Inspiring Nurses

March Nurse Feature

IMG_0647

Our March Nurse Feature follows a super inspiring nurse who has volunteered her way across the globe.  For those nurses afflicted by wander lust, meet Kristen.  She is an American nurse with a background in pediatric, newborn, and maternal health.  She currently lives in Romania with her husband and two adorable girls.  She is a founding board member of the non-profit, Faces of Tomorrow, and when she’s not on a mission, she’s planning the next.

I first met Kristen while working as a travel nurse in California.  She has this super infectious and enthusiastic personality like there is just not enough time to get all the things done in life one wants.  I am happy to call her my colleague and friend.

Where are you from?


I was born in Baltimore, Maryland and grew up in Crofton, Maryland. I moved to San  Francisco in 1999 and still consider it HOME. Currently, I’m living in Bucharest, Romania.

In what area of nursing do you work?


Maternal Child Health. I started in Pediatrics at Johns Hopkins Hospital. I worked in various areas of Pediatrics and then started travel nursing at hospitals in the Bay Area.  During that time I worked at UCSF, Stanford Children’s hospital, Oakland Children’s and a few Kaiser hospitals.  I ended up working at Marin General hospital on a travel contract and fell in love with the staff, patients, and hospital.  They offered to train me to work in postpartum, the newborn nursery, and at times the NICU as well as pediatrics.

I love being able to work in multiple areas with women and children. It’s nice to see healthy patients and families at times unlike acute pediatrics.  In addition, I started working at some underserved community clinics with adults and pediatrics to expand my skills and work in community public health.  Being part of the birth of a child and caring for the family right after birth is magical.  However, my heart still belongs to the pediatric patients-it’s my passion.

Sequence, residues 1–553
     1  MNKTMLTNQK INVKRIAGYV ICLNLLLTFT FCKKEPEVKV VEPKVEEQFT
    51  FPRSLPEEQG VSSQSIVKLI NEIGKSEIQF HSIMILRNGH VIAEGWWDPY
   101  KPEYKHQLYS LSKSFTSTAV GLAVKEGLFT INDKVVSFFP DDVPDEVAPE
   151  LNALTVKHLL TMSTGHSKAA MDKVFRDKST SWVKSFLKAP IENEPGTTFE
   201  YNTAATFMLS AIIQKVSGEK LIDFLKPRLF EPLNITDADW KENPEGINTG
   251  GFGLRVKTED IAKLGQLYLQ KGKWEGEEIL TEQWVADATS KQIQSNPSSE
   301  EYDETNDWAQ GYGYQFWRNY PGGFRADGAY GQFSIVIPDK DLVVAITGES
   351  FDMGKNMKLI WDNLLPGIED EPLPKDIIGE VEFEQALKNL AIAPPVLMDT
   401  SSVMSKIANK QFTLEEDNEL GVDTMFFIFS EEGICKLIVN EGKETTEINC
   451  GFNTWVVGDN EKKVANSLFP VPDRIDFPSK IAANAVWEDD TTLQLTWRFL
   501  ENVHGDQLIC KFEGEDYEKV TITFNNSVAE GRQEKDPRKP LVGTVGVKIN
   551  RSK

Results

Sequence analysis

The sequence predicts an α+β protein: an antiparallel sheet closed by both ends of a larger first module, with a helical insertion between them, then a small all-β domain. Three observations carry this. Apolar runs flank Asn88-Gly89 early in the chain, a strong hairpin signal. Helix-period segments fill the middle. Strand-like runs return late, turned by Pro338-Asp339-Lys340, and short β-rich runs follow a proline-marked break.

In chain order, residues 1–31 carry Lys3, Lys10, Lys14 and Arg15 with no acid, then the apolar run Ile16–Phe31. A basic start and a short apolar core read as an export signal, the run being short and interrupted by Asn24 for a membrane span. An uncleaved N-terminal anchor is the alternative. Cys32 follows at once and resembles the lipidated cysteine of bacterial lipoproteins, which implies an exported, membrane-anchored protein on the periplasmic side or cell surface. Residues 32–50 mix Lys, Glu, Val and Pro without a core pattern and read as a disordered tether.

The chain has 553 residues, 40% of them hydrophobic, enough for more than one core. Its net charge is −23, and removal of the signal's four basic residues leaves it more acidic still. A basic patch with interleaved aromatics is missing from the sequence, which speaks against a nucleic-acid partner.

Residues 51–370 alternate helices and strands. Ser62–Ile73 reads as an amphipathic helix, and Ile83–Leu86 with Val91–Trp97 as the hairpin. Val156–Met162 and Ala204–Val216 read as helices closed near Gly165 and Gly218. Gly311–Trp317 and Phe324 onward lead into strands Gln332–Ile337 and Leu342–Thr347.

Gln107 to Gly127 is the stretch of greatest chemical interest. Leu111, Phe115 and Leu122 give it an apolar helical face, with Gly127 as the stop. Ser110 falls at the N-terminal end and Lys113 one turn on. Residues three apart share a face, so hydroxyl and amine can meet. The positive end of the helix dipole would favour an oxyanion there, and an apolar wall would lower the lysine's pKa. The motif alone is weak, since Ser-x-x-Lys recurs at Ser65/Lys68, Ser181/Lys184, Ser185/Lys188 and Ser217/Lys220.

How long have you been a nurse?

19 years

What inspired you to be a nurse?

I’ve always loved kids and helping others. I’ve worked with kids in various capacities since I was in the 4th grade.  When I was in high school, I had a chance to take a health class and I found it interesting. Then in  college I visited the Children’s National Medical Center in Washington, D. C. and saw all babies born addicted to drugs. I was crushed and confused. I started volunteering to be a “holder” to comfort the babies withdrawing from cocaine. It was rewarding, heartbreaking, and confusing. It was then I knew that nursing was my true calling.

What advice would you give to a new nurse?

Follow your dreams, continue your education, diversify your skills, and volunteer or work with underserved populations in America and abroad. It’s essential to understand other cultures and to understand the issues within our own cultures and systems. Truly, it can help you be a better provider and empathize and connect with your patients on a much deeper level.

What advice would you give to a tired nurse?

I’m a big believer in self-care. There is a high burn out rate in nursing and without self-care it’s inevitable. I would recommend yoga, meditation, massage, and travel!  It’s not healthy to constantly do shift work, live with sleep deprivation, stressful situations, and the emotions involved with nursing and healthcare related jobs. Actually, I would give the same advice to anyone with any job…self-care is a must!

Thank you Kristen for your contribution!!  See more from my interview with Kristen and on her mission work in my upcoming Mighty Nurse Feature.  There is need everywhere in the world, even in our own cities.  What can you as an individual do to be of service to someone else?  There is an increasing epidemic of drug babies plaguing the U.S.  Find your local volunteer cuddle program and hold and love these babies.  Visit your local nursing home and spend a few hours with an elderly resident that has no family.

“The dedicated enjoy supreme peace. Therefore, live only to serve.”

 Sri Swami Satchidananda

 

February Nurse Feature